But that’s the problem with Facebook. We seem to ignore the fact that…



#3 – It Brings Out the Worst in Our Integrity and Judgment

The comment about my niece was a terrible experience, but it was the first in what would be many little lessons on the power that this significant other of mine has over people. Ever have a friend whose spouse or partner doesn’t want to share time with you? Who treats you poorly because your relationship with your friend is apparently not as important as their own relationship? Sometimes, I can’t help but think this is how Facebook operates. I  know it is an inanimate thing, but given that all of its users are animate, it makes sense that Facebook holds the power not only to bring people together, but to also drive us further apart.

Ask people what they would do if they could make themselves invisible, if only for a day. Often times, their answer includes actions that common decency, propriety and/or lawfulness prohibits: peeping, eavesdropping, robbing, etc. On some level, what prevents most people from acting on these secret desires, however lewd, is the reality that they would most likely be seen, found out, caught (and possibly arrested). Whether in trying to overhear a conversation not meant for your ears, or pulling a Dillinger and robbing the First National Bank at gunpoint, you are breaking a deeply established social contract.

Facebook, on the other hand, allows you access to the thoughts and feelings and deeply rooted convictions of tens of thousands of people each day, including some of your closest friends as well as your worst enemies, and the convenience of this access is that you have the option, if you like, of anonymity. And distance. There exists a personal disconnect between me and everyone else online. Therefore, because few consequences can reach through cyberspace, we do not fear another person’s judgment as soberly as we would if we were sitting down face-to-face with him or her.

Take a look at the comment section of almost any article on CNN.com, let alone the Facebook comments of anyone who posts a status or links to an article that is even remotely connected to a hot-button issue. You rarely find civil discourse. It’s anger, confusion and tangential dissent. These days, people post responses to the issues, casting those fishing lines out into that overcrowded sea, but ironically they will include caveats like, “These are just my thoughts. I’m not trying to start a debate and I don’t want to argue about it, so please don’t comment anything negative.”

If these are just your thoughts, and you don’t want to engage in debate, why not keep them to yourself? That’s what we do with almost all the thoughts in our minds. Why not these?

You see, it’s not only the vitriolic commenters who have no filter. It’s us. It’s me. Facebook has somehow made me believe that any little viewpoint I have on any issue, big or small, is worth tossing into the public sphere. At the same time, I somehow reserve the right to be angry or indignant when that viewpoint is challenged. There are people who are taking others to court based on an exchange that took place, or personal information that was gained, on Facebook. People are getting fired, or failing to land jobs, based on things that they uploaded to their public profile. And they are shocked.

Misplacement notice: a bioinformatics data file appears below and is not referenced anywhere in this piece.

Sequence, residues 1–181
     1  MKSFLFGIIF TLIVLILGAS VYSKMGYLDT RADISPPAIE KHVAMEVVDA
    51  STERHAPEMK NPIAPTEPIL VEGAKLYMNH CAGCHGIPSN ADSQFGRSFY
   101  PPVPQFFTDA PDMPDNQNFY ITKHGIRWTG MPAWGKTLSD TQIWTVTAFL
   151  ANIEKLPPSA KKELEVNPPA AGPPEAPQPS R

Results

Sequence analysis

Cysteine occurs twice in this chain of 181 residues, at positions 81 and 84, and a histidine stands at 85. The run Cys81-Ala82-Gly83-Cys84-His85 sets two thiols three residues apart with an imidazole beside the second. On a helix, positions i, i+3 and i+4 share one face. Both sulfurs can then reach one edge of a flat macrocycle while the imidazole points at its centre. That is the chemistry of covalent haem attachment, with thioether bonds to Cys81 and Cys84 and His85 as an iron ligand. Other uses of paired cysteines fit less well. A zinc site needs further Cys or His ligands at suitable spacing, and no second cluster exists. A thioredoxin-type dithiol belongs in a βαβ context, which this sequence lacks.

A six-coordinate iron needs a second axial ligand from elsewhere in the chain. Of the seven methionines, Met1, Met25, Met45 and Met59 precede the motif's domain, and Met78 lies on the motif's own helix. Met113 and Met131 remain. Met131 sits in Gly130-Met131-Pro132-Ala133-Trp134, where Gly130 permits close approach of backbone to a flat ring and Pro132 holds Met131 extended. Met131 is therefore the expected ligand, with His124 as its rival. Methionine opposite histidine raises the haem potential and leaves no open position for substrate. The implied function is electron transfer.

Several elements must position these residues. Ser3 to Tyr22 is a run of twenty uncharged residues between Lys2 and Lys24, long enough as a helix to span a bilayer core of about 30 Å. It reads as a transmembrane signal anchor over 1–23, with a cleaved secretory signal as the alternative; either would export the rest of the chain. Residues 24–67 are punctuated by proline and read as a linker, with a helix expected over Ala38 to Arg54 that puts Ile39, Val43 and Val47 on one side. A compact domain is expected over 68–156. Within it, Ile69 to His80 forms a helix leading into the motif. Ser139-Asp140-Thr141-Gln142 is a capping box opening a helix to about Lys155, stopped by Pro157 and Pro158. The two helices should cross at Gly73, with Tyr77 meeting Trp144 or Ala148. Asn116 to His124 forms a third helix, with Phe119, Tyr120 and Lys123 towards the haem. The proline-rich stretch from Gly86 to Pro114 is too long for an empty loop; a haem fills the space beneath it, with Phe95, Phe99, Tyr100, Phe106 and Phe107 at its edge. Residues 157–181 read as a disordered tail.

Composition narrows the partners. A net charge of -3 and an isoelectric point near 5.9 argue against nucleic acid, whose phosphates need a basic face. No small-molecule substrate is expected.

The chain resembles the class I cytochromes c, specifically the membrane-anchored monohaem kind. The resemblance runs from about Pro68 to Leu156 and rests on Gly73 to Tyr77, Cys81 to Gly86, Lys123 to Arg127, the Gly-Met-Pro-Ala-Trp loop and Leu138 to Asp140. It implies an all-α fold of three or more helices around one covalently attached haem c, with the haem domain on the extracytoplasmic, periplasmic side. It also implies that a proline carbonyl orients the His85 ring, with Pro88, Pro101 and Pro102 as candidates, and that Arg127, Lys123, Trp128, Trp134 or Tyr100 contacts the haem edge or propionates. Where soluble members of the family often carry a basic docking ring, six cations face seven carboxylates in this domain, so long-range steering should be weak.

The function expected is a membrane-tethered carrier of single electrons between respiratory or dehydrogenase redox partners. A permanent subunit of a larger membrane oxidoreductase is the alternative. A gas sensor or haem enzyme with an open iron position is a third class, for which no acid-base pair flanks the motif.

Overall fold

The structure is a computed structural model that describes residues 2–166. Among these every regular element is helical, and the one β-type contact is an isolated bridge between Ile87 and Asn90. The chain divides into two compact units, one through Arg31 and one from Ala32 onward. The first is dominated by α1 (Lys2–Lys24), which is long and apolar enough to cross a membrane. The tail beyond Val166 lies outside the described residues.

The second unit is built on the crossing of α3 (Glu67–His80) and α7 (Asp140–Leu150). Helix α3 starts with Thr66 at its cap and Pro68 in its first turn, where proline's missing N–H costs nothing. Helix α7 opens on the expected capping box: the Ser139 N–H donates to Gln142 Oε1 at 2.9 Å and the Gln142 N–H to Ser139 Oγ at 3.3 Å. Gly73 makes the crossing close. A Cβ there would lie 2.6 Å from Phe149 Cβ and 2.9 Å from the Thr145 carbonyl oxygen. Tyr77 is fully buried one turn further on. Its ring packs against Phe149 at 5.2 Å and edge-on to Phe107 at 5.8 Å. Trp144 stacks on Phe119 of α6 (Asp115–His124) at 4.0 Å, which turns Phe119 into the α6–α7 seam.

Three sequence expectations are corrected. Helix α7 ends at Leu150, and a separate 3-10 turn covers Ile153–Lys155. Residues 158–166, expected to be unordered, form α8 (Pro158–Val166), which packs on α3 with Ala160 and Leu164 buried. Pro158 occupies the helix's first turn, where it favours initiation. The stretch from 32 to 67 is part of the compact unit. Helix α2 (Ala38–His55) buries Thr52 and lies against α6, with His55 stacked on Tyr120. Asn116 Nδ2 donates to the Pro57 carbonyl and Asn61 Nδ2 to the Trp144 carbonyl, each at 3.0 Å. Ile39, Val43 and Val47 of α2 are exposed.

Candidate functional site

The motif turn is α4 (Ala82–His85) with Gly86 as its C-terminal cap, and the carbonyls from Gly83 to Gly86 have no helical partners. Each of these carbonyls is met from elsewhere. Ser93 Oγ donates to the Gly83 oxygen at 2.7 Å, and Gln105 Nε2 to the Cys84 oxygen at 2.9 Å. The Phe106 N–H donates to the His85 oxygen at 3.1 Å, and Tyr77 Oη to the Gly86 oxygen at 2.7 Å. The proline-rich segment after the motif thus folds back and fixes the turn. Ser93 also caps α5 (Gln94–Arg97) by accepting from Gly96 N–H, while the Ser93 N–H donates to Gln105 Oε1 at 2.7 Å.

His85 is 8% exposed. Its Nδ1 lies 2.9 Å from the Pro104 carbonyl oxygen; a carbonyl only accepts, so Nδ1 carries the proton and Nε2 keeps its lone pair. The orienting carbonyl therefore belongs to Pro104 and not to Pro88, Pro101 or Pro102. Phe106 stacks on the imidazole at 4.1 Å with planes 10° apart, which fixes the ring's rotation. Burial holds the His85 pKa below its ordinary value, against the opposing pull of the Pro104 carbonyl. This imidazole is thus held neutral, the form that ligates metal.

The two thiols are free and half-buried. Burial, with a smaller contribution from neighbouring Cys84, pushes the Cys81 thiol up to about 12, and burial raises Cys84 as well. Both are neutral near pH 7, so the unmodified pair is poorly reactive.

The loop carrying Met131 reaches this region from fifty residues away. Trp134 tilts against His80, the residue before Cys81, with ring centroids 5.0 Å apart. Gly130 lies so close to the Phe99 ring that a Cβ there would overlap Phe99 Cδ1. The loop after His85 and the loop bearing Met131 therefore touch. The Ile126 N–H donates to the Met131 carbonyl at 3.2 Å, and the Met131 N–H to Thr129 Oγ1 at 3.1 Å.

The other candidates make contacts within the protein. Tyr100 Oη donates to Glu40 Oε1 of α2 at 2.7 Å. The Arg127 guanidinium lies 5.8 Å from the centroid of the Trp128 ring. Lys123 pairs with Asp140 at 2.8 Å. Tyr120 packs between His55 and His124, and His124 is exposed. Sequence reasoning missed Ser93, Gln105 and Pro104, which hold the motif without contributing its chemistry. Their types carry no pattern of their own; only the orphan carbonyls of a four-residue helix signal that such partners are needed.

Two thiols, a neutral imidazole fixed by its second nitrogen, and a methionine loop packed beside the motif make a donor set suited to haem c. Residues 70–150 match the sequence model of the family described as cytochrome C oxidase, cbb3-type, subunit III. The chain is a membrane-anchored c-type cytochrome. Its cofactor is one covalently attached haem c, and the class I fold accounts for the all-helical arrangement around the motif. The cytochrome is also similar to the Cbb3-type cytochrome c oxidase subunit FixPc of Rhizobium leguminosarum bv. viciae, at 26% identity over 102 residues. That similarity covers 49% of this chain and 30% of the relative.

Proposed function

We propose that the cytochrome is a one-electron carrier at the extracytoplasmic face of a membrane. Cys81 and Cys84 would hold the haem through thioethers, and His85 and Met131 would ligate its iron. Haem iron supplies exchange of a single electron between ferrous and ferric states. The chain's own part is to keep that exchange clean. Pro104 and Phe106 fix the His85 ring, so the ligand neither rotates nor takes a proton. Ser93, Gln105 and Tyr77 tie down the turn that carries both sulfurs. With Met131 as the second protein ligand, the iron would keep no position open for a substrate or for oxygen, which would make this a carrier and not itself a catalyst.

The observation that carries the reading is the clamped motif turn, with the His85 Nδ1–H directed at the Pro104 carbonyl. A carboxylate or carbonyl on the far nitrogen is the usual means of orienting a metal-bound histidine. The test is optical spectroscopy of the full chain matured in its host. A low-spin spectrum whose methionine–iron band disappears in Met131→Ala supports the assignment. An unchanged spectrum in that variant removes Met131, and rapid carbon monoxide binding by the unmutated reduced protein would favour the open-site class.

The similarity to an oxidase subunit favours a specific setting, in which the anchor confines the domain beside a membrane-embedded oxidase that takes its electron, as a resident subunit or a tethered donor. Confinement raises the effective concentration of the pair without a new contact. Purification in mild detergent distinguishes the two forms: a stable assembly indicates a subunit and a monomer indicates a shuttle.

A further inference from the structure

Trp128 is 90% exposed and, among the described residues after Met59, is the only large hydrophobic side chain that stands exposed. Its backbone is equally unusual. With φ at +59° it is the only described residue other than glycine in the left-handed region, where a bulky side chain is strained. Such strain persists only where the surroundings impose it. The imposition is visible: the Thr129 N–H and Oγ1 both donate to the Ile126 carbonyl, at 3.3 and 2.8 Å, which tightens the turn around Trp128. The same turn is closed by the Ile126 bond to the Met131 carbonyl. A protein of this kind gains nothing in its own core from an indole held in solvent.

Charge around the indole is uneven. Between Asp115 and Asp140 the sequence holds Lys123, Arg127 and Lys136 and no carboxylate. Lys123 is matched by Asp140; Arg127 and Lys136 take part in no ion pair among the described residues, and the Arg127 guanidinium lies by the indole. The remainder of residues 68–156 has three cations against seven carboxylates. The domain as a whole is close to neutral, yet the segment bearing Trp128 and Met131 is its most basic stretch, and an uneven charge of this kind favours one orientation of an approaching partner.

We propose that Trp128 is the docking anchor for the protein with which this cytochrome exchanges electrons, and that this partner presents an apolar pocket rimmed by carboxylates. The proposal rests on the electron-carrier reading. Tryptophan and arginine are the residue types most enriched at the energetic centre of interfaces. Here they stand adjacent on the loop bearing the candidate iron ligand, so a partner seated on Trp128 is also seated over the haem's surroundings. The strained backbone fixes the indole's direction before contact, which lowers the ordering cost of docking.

It’s a voluntary public forum, but we want people to respect our privacy. Am I missing something?

It’s no wonder that one of the biggest problems I’ve found with Facebook is that…


#4 – It Wastes Time

As a college pastor, I find myself continually talking to students about the dangers of conforming to the pattern of this world – namely falling into the habit of comparison. We spend so much time shoring up and developing our individual identities based on comparing ourselves to other people. We want to be more like this person, and to avoid acting like this person, and to try to look a little more like this person. Magazine cover after magazine cover feeds our desire to rate ourselves. How do I measure up to him? How closely does my appearance match hers? How impressive do I seem to them?

I say all this to point out that a lot of what I’ve been doing on Facebook is not simply catching up on the lives of friends and acquaintances, but subtly, almost subconsciously comparing myself to other people. So that’s what he believes… What a pointless status for her to post… I can’t believe he would actually support something so stupid… And I can easily spend hours making comparisons.

I don’t visit Facebook to feel worse about myself. And, as I’ve already mentioned, judgment is an easy response when you’re surfing your news feed. However, the bigger problem for me in particular is not the judgment so much as the time I spend doing all that judging and comparing. I don’t visit Facebook to feel worse about myself, but as inevitable as visiting an all-you-can-eat buffet, I walk away from each session clutching a swollen gut and regretting the trip.

It’s because time spent on Facebook is rarely time well spent. We have only a limited amount of time each day to do the things we love – the things that we find important and worthwhile. After nine years on Facebook, I’m not convinced that any of the thousand or so hours I have spent on the site qualifies as productive or rewarding. I’m not against just taking a break and paddling out for a relaxed surf in cyberspace, but I never come away from Facebook feeling rested or recharged. Mostly, I feel drained, scattered, and sometimes even more stressed than before I logged in.

Yet I keep going back for more. And that’s because…


#5 – It’s Addictive

…and that’s the part that makes all my other problems with Facebook so difficult to solve.